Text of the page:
(Winnebago, Ogle, Lee, Whiteside, Henry, and
Rock Island Counties, Illinois, U.S.A.)
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Geologically, the Rock River is older than Lake Michigan. Before the glaciers came to Illinois, the Rock River linked up with the Illinois River east of Princeton. Glaciers buried that section that linked the two great rivers with loose rock, however, water still flows in that underground river today. It is now called the Princeton Aquifer.
The area between the Mississippi River and the Fox River (west of Chicago) was once the hunting grounds of the Illinois Indians after they migrated here from the Pacific coast around A.D. 900. Later, as the Illinois began to decline due to wars with the Sauk, Fox, Iroquois, and Sioux and illnesses introduced by contact with the French, the land was settled by the refugee tribes of the Sauk (or Sac) and Fox Indians fleeing the Iroquois Raids to the East and the French to the north (Green Bay Area).
In 1804 the Sauk and Fox tribes first signed a treaty with the U.S. Government in St Louis relinquishing all their holdings east of the Mississippi. At that time the tribes lived primarily across the river in the area now known as Iowa.
In the War of 1812, a tribal leader named Mucata Muhicatah (English translation is Black Sparrowhawk which was shortened to Blackhawk) fought for the British and was with Tecumseh when Tecumseh was killed near Detroit.
In spring 1831, Blackhawk lead a rogue Sauk group across the Mississippi to resettle their homeland. General Gaines lead a 1500 man force against them and when Blackhawk heard of the approaching force, he crossed again to the west bank of the Mississippi and signed a treaty while General Gaines's forces torched the Indian village at he and his followers left behind.
In spring 1832, Blackhawk once again crossed the river, however this time with an estimated 700 warriors and many women and children. Governor Reynolds of Illinois called up the Illinois Militia again and over 1800 men gathered in the area of John Dixon's home on the Rock River.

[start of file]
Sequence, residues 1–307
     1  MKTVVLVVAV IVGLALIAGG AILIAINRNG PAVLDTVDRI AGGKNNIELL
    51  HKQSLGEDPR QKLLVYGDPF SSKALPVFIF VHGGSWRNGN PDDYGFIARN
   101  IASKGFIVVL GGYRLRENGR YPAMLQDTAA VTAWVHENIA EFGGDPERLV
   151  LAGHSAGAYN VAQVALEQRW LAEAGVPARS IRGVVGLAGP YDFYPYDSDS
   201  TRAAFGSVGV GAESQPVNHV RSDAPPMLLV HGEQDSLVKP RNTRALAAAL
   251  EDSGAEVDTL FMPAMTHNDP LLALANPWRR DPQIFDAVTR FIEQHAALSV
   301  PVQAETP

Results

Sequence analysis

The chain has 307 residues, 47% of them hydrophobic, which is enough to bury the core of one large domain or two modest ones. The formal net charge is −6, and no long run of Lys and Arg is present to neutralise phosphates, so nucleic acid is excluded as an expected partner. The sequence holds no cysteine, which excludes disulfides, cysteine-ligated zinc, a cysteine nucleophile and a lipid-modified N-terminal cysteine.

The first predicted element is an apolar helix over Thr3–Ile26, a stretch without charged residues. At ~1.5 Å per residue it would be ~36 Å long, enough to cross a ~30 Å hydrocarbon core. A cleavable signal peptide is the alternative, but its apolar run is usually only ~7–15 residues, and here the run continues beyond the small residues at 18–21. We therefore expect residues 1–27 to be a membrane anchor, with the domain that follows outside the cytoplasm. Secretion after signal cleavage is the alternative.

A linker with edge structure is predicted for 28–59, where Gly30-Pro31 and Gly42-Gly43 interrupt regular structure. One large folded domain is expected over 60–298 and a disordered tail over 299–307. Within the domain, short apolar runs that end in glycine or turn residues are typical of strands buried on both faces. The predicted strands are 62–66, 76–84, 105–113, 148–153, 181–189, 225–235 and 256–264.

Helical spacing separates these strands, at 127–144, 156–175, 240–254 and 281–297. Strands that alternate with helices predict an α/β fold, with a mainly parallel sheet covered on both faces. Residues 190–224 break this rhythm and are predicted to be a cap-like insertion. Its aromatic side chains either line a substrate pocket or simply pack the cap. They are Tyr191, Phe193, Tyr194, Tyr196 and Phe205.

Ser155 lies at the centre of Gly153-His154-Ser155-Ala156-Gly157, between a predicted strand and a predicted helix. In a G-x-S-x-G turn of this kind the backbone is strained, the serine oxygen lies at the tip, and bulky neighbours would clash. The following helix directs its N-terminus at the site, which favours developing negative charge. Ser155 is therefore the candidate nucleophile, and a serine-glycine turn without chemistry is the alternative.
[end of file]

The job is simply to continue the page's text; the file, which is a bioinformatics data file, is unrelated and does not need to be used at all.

On May 12th, a detachment of 275 men lead by Major Stillman left Dixon and marched north along the banks of the river without orders to do so allegedly seeking the glory that would come to them by defeating the Indian leader. As they marched they eventually abandoned their supply wagons and continued to march northward hoping to be fast enough to catch Blackhawk's group. At Old Man Creek in the area now known as Stillman Valley (however after the incident known as Stillman's Run), some of Stillman's forces decided to make camp for the night, however another group of Major Stillman's forces still pressed on and caught up to a small group of Sauks. The fact that they caught the Sauks is almost admirable (except that they were not supposed to have left Dixon), however the end result would be the worst defeat any United States military force would suffer at the hands of Native Americans (until Little Bighorn). Two small groups engaged each other when suddenly a larger force of about 40 Sauks attacked, swooping in quickly, and yelling and hollering creating the sound of a much larger force. The green Illinois Militia troops were terrified and attempted to flee back to Major Stillman's camp, but the soldiers in camp, without supply wagons, sentries or warnings of a impending battle were helpless. The Sauks drove the Illinois Militia back thru Major Stillman's camp and chased them all over the prairie that night. After Stillman's Run, that Illinois Militia would never recover. On May 27th, the Dixon Militia was discharged from service by the Governor of Illinois, who had determined they were too demoralized and undisciplined to be able to successfully carry out a Indian campaign.
Just east of Byron Illinois is Stillman Valley, and in the town playground, just off Illinois Route 72, you'll find a historical marker indicating that spot as where Stillman was camped and routed. Along the Rock River just south of Byron, you'll see a large statue of Blackhawk, looking downstream.
Governor Reynolds again set out to raise an army. Mean time, the Sauk attacked the Apple River Fort and were repulsed by its defenders in a 15 hour battle. Then Wisconsin Militia's General Dodge (who would later become Governor of Wisconsin) repulsed the Sauks at Fort Hamilton on the Pecatonia River near present day Rockford.